But fans new and old should listen most closely to her closing number if they hope to learn anything about the Dinah behind all the success and chart numbers. "Fix It," co-written by the singer, is her most vulnerable work yet. "I don't know if anyone's truly listening to the lyrics, but I went through a really, really tough time, where the people that I thought would love me turned against me," she told me. "I was living in a home with 23-plus people and dreams that I wanted to accomplish... I wasn't getting the support behind me... my family wasn't backing me up enough."
"I went to auditions... I went on America's Got Talent—people mocked me because I didn't make it that far. Then, The X Factor came."
She offers a bit of empathy to her family, understanding that they were concerned she'd "get caught up" in a career and become "someone else," but she'd known that wasn't true and wanted them to believe that. "My point to them was: I will never change. I know, in a way, you're trying to protect me, but you discouraging me is making me want to fight even harder." And with "Fix Me," she opens the conversation back up with her family, asking, "What can I do to fix our relationship? What I can do to feel like I'm home instead of feeling like I'm living like you disowned me?"
Alongside producer Neff-U and songwriter Hayley Gene, Dinah Jane poured her heart out to her fans. "I basically was in a space where I needed therapy," she said. "[I had this] secret for so long, and I think I always felt like I came from a picture-perfect home but truly, I didn't." Initially, she didn't want the song to come out and wanted to keep it close to her; but then she played it for her family, as they apologized immediately after hearing her message. "We all live together in one home, so they approached me [and said that] they're sorry, that they didn't know I was going through that," she explained. "It was just toxic at the time, and in a way, this record kind of stays on the issue of it. But had I not spoken about what was on my mind and my heart, we wouldn't be here right now. We wouldn't be as hype as we are right now. So, in a way, this song is my lifesaver."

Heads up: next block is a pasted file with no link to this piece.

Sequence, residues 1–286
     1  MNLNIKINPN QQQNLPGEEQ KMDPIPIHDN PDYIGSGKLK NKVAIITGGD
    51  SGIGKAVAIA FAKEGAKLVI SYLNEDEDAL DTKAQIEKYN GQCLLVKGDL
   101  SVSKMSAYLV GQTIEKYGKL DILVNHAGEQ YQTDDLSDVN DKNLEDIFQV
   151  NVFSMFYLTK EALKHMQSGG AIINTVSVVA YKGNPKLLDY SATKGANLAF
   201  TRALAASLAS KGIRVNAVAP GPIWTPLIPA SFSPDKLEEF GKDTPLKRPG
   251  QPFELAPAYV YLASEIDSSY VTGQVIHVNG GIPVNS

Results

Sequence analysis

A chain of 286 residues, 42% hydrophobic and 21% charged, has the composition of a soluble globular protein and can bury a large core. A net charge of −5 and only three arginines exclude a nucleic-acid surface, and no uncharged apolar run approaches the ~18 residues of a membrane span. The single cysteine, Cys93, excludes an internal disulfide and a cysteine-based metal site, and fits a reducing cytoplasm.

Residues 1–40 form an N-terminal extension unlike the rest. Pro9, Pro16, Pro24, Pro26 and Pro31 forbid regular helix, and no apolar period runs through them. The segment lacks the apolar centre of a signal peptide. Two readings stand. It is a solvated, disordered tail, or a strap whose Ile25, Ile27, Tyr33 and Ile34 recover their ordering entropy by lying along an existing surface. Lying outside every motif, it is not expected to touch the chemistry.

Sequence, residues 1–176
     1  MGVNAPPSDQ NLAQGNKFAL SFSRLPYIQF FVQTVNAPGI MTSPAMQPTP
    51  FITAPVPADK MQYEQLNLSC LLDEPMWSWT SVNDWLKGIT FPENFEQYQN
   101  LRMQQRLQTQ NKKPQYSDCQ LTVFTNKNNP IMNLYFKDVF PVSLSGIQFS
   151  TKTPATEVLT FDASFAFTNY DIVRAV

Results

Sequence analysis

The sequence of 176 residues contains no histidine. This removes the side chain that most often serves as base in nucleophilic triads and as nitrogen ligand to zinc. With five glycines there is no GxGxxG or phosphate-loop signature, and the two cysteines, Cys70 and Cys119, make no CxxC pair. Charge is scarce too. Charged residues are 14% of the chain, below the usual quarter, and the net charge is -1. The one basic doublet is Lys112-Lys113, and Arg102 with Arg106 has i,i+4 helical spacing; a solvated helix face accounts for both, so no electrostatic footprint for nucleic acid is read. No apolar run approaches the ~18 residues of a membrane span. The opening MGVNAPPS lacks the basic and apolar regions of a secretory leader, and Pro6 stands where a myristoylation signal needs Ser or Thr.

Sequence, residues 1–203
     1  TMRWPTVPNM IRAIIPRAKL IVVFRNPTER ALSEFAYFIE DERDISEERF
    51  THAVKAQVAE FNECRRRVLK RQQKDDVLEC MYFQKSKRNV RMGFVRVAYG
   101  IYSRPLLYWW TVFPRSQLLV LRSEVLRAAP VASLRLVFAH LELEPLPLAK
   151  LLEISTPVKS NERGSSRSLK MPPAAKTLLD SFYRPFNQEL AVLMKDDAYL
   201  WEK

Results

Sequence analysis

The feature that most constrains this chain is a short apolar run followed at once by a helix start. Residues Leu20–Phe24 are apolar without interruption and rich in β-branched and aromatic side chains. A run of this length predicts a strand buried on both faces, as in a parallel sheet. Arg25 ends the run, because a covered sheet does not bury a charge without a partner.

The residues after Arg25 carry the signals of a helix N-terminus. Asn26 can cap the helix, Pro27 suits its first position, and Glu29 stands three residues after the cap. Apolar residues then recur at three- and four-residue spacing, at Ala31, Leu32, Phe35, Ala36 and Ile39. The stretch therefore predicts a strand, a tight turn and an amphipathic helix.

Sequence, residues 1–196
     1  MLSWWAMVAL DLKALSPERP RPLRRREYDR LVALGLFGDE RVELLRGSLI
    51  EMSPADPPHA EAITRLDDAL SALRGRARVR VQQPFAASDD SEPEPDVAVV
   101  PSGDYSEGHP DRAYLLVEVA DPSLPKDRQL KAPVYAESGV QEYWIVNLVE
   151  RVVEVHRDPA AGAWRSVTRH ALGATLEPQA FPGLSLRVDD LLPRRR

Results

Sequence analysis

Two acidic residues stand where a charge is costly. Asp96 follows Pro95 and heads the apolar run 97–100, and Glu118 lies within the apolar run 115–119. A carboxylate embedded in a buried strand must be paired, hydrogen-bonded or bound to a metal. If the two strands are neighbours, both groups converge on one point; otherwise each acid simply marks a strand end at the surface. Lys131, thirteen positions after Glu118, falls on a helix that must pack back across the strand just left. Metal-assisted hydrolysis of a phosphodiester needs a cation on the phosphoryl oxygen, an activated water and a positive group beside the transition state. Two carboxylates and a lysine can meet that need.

"But had I not spoken about what was on my mind and my heart, we wouldn't be here right now."
This trio of songs liberated Dinah Jane in so many ways; she's able to put past grievances to bed, and let the world know who she is, where she's come from, and taught it not to underestimate her potential. "It feels so free, and I feel like I don't have to rely on anyone," she said. "Some people were telling me, 'Oh you should get a feature on a song.' [Saying] that it's weird being on a full track on your own and not with your girls, but for me… it's always been Dinah. I don't feel like I have to put on a front that I'm someone else." Dinah added, "My craft is always number one. I can't bend, I can't break, I can't crack anything. If my gut is telling me something, I have to follow it."
Luckily for her, she's not truly on this journey alone, at least not in spirit. She has one of the fiercest fan bases in the world to back her up at any turn; Harmonizers and Dinahsty members will make sure you know of that if you ever do her wrong. She joked to me that "they're wild," but I can imagine it might be nice to have a little army of people in your Twitter mentions, people who love you and just want to see you shine. "I will never let them down. They know my potential. They know how much I have in me. Reading the comments and seeing the belief in me really makes me want to fight even harder," Dinah told me. "I believe [in myself] too, but it takes a bit more... a group of people to give you that courage to succeed even further."